harbor freight micrometer

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JohnFP

harbor freight micrometer

Post by JohnFP » Fri Sep 17, 2010 10:52 am

That's why I stated plastics are going to be hard to do as they have easy compression. Metal is going to be much more acurate.

Colin Kaminski

harbor freight micrometer

Post by Colin Kaminski » Fri Sep 17, 2010 2:23 pm

Joe Farina wrote:Thanks a lot John. I didn't realize shims went down that far, but I just checked http://www.mcmaster.com and they have plastic (polyester) shims at .0005" (12.7u), .00075' (19u) and brass, stainless, and plastic at .001' (25.4u).

This harbor freight micrometer is looking pretty good. The digital readout can be switched to millimeters and the scale reads 0.000 so it has a millimeter resolution of .001mm (1 micron) at least according to the readout.

I measured some saran wrap, and it came out at 0.010mm or 10 microns.
Even the cheap ones are pretty accurate. I use them to +-.0002" when lathing fits. If you really want to test yours get a feeler blade set at any auto repair store.

Joe Farina

harbor freight micrometer

Post by Joe Farina » Fri Sep 17, 2010 3:27 pm

Colin Kaminski wrote:If you really want to test yours get a feeler blade set at any auto repair store.
I forgot that I have some feeler blades, so I measured the thinnest one (marked 0.0015 inch) and the micrometer reading came out double that, 0.003. Quite a difference. Surprising that the saran wrap measurement came out approximately OK, but not this one. Then I remembered I have some 0.001 stainless from McMaster-Carr, and the reading on the micrometer came out exactly 0.001. It seems that my cheap feeler blade was way off it's specification.

By the way, this micrometer has a very useful feature, I'm not sure if this is standard on all micrometers. Once the main screw-handle is turned until it touches the surface to be measured, you stop, and then turn a secondary screw which applies only a specified amount of torque, until it clicks and doesn't move any further when it's turned. So a precise amount of pressure is applied to get the final measurement. So to calibrate the micormeter intially, I turn the main screw until the anvils touch, then turn the secondary screw until it keeps clicking. Then I zero the meter. Then I open the anvils, insert the material to be measured, and repeat exactly the same process to take the actual measurement. So the amount of torque or force on the anvils should be exactly repeated.

By the way, harbor freight also has an essential item for the holographer which only costs $1.49, which is "rubber dust blower" (item 66454). This is a common "photographic dust blower bulb." But it has a very nice, small metal nozzle, which I prefer to the plastic ones. The good thing about these bulbs is that there's no chance any propellant can get sprayed on the surface to be cleaned, and it's a very controlled and predictable amount of pressure, and quite gentle. I prefer it to any other kind of compressed air. I especially use it to clean glass fragments off of gelatin layers on glass. (I use a tile cutter to cut a large, coated plate into a number of smaller ones.)

dave battin

harbor freight micrometer

Post by dave battin » Fri Sep 17, 2010 3:34 pm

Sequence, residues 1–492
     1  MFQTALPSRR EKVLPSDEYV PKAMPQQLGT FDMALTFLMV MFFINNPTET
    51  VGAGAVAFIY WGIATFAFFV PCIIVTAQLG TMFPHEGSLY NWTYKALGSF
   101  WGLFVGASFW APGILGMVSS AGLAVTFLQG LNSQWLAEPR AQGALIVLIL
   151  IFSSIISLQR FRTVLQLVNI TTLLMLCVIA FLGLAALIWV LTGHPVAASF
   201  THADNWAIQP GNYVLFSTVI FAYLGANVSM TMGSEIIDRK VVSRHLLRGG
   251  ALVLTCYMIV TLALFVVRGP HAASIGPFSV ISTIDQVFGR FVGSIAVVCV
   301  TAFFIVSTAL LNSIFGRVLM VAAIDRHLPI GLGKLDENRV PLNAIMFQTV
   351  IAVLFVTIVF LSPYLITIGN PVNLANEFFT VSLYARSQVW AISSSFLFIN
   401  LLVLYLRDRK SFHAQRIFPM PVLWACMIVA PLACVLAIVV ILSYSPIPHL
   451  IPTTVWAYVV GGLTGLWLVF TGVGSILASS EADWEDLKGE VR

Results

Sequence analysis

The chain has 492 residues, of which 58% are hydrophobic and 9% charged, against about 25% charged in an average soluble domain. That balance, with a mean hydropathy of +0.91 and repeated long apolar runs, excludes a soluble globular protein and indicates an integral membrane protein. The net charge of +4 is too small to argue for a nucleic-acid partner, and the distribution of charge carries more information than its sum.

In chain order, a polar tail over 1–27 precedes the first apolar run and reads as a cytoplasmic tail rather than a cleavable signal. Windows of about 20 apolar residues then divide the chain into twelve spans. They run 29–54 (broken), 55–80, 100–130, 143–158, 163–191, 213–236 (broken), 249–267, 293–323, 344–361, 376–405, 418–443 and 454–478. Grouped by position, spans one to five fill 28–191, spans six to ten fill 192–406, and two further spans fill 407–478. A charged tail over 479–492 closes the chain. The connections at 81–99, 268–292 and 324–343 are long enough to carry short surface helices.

Colin Kaminski wrote: Even the cheap ones are pretty accurate. I use them to +-.0002" when lathing fits. If you really want to test yours get a feeler blade set at any auto repair store.
Yes yes Colin, when i worked in a machine shop, years back we would regularly lap parts to fit a micron or two opining.

buy clamping your film with a good 1" micrometer (fixed anvil towards the emulsion), record you thickness, remove emulsion and measure again.

Or do as i do and remove a strip and take a few side by side measurements, record them and average there sum for you film's thickness :doh:

Jeffrey Weil

harbor freight micrometer

Post by Jeffrey Weil » Fri Sep 17, 2010 6:08 pm

Hello Everyone,

I've used the bulbs for air, not enough for real work in my opinion. I have the expensive Newport lab compressor. It is silent with no vibes but it does spit oil every now and then. Even the slightest bit of oil ruins my embossed holograms. Unlike Silver or DCG it's not a closed ended process. After the hologram is made it still has to be metalized and electroformed. A bit of oil the size of this period "." would ruin the complete piece. It would fail in the tank and I would be left with nothing at all. Not a holo with a spot, nothing.

I've used nitrogen and it's great but you have to have it delivered and all that. I'm under great deadline pressure. I don't want to wait for a delivery if I run out or have a leak and find out as I'm working I have no gas.

So here's what I do now and it's perfect. I use a scuba tank hooked up to an air nozzle. Its the cleanest gas you will ever find at a good price and here in Miami Beach I can get it almost 24 hours a day within 2 miles of me from a few different places. So I'll never run out.

Some first stage regulators, that's the part thats hooked up to the tank not the part in your mouth, have an adjustment with a hex screw in the back. If you get one of those types you won't need anything else to lower the pressure in the tank to something usable. . Next get an attachment for your BC(the inflatable vest you wear) to fill car tires. That part splits in two and the non air chuck part will attach to your regulator hose and mate to standard NPT threads on your non scuba air hose and or your air nozzle.

Jeff Weil
NorthBeach Holography Inc.

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